person using Windows 11 computer on lap

Deploy Windows 11 with Endpoint Manager

Windows 11 was released on October 5th after a public preview phase when everybody was already able to install and have a look at it. Now the time has come for the final version. I show you how you can enroll it with Endpoint Manager to your client PCs.

In a previous post, I’ve shown you, how to install the Windows 11 insider release build on corporate computers using Endpoint Manager. Now that the final version is here, there is no more need to install a beta, use the final one! Using Endpoint Manager, you can deploy Windows 11 either to your productive PCs or to some test machines – it is up to you. I deploy it to my Windows 365 Business CloudPC to perform some tests before I install it on my productive PC.

To fulfill the steps I show you here, you need:

  • a target user or device that will be the happy one to recveive the update
  • Intune license assigned for that user
  • a test client (or Windows 365 like I do it in this article) (read the hardware requirements first)
  • a web browser to access the admin portals 😉

So open your webbrowser (you should use Google Chrome or the modern Microsoft Edge) and open https://endpoint.microsoft.com. Remember that in the preview you had to deploy the update to Windows 11 as an update? Now in the meantime, the Windows 11 update is categorized as major update like Windows 10 21H1, so there is a special policy that needs to be set. Go to Devices > Windows > Feature Updates for Windows 10 and later (preview) and create a policy for Windows 11:

Windows 11 feature update policy

The content of the policy is really very easy and doesn’t need much explanation:

Windows 11 chosen as target patch level

Last but not least, you need to assign the feature update policy to the users or PCs. I work with device groups. Because this is an update for testing, I work with assignments and not dynamic groups. For production a group with dynamic device membership makes sense:

Assignment, who will get Windows 11

In the official article from Microsoft there are 2 other interesting hints:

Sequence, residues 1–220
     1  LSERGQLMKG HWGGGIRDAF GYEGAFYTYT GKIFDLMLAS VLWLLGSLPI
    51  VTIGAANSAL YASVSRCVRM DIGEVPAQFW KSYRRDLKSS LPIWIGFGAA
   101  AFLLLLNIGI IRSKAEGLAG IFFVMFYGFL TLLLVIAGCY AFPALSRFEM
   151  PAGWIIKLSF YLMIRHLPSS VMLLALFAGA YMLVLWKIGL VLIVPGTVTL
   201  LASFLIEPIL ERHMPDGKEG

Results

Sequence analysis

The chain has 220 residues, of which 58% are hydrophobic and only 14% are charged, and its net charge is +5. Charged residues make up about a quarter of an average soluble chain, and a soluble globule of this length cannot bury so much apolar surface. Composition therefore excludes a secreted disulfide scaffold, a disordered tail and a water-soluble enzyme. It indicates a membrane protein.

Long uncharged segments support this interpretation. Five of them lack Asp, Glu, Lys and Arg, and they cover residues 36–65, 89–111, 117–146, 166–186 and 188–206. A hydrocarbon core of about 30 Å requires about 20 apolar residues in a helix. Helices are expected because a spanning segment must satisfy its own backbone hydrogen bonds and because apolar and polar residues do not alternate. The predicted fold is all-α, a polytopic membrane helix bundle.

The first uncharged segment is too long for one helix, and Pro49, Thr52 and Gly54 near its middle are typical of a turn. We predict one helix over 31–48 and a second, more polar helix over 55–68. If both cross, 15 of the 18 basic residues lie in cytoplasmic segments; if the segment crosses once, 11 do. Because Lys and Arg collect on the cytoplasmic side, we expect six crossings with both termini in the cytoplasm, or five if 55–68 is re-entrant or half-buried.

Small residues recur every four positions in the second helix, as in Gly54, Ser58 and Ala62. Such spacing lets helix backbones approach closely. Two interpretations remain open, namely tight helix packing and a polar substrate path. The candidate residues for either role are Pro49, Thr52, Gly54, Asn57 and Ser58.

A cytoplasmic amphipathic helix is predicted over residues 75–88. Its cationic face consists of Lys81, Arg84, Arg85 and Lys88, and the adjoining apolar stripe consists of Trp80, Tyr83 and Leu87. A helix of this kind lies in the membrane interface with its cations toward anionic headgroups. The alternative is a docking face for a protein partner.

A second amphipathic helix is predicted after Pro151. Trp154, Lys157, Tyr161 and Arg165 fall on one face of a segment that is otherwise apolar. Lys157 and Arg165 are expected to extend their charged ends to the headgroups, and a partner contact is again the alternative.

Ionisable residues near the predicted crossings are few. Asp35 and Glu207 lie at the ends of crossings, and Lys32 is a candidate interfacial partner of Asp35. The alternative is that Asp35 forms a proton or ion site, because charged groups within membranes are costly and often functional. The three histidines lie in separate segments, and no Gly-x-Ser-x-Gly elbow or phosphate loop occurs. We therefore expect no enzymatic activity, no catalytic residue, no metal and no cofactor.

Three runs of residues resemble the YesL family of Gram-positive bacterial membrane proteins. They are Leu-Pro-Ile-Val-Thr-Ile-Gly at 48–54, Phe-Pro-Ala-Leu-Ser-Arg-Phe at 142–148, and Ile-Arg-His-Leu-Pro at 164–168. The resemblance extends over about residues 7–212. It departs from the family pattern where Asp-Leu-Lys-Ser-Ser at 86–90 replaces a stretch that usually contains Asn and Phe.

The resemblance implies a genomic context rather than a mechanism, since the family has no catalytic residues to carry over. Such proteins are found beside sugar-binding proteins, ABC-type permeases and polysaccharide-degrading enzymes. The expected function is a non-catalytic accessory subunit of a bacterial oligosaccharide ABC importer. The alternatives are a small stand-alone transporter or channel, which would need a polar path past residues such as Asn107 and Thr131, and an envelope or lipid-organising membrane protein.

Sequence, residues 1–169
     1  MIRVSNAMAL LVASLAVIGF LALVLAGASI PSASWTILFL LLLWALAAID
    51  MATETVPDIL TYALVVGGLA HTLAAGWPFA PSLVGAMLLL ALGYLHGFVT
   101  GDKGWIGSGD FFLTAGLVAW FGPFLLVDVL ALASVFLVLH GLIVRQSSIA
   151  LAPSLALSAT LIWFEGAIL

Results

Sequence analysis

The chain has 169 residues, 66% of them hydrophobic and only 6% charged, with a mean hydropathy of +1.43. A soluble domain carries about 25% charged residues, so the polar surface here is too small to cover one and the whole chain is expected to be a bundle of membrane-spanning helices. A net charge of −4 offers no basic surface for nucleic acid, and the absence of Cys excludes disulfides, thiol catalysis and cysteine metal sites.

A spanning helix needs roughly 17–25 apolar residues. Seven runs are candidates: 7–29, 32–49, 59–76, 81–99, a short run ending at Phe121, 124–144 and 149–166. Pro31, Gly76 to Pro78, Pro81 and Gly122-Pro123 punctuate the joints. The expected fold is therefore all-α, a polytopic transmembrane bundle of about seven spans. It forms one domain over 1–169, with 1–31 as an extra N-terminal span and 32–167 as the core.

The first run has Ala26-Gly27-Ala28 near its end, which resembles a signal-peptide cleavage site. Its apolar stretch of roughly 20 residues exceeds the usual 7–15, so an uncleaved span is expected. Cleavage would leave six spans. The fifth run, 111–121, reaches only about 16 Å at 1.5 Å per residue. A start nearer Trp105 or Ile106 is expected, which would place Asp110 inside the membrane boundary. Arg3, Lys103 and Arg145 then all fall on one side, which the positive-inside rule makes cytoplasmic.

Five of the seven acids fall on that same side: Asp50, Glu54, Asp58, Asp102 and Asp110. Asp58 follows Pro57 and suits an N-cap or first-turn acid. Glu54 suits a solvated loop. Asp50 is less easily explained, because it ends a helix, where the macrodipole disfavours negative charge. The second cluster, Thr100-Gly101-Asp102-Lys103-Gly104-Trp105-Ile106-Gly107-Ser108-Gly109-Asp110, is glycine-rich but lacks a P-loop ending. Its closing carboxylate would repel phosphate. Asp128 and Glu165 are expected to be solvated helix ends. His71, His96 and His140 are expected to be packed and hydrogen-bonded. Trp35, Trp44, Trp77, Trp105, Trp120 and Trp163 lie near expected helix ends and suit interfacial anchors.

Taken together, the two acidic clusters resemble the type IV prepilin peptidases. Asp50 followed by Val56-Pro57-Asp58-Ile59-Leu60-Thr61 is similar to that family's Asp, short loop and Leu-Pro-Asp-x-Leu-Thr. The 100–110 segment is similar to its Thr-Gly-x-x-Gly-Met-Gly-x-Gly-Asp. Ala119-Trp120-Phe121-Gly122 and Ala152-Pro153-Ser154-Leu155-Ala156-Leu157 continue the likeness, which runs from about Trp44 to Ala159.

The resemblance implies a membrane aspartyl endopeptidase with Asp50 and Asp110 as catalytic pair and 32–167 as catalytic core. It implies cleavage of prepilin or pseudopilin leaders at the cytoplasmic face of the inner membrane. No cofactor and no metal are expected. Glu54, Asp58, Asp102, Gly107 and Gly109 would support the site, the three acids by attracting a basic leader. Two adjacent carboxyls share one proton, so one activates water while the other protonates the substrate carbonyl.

• in future, Endpoint Manager will allow to schedule the update to Windows 11
  • in future, Endpoint Manager will allow the update with Update rings (like it was with the preview)

So, only some minutes after the new Endpoint Manager setting, I already saw new updates on my laptop (after installing another intermediate update:

Wonderful – the long awaited update is here ❤

Of course I could not wait to install Windows 11 – and round about 20 minutes later it was finally there: Windows 11 Enterprise. All my setting were taken, my apps remain installed and all is functionally – as far as I can tell after a short 2-minute look (jepp, I play Diablo 2 and the first look was if the Battle.net installer works after the upgrade 🙂 ):

You see the task bar? All Edge settings and profiles are like in Windows 10 – everything is fine. Now I am looking forward to working with Windows 11. The next thing I will try out soon is the Teams performance – that was not good in the Insider Preview (video was very bad quality and stuck, so was desktop sharing).

One thing that I see very fast is that Microsoft fixed the bug about Windows auto-upgrade to Enterprise. That did not happen in the insider build:

I am happy 🙂

Published by Andreas

Founder of M365 Evangelists Cloud-Architect, Strategy Consultant, Consultant for Microsoft technologies, Graph API enthusiast, PowerShell enthusiast
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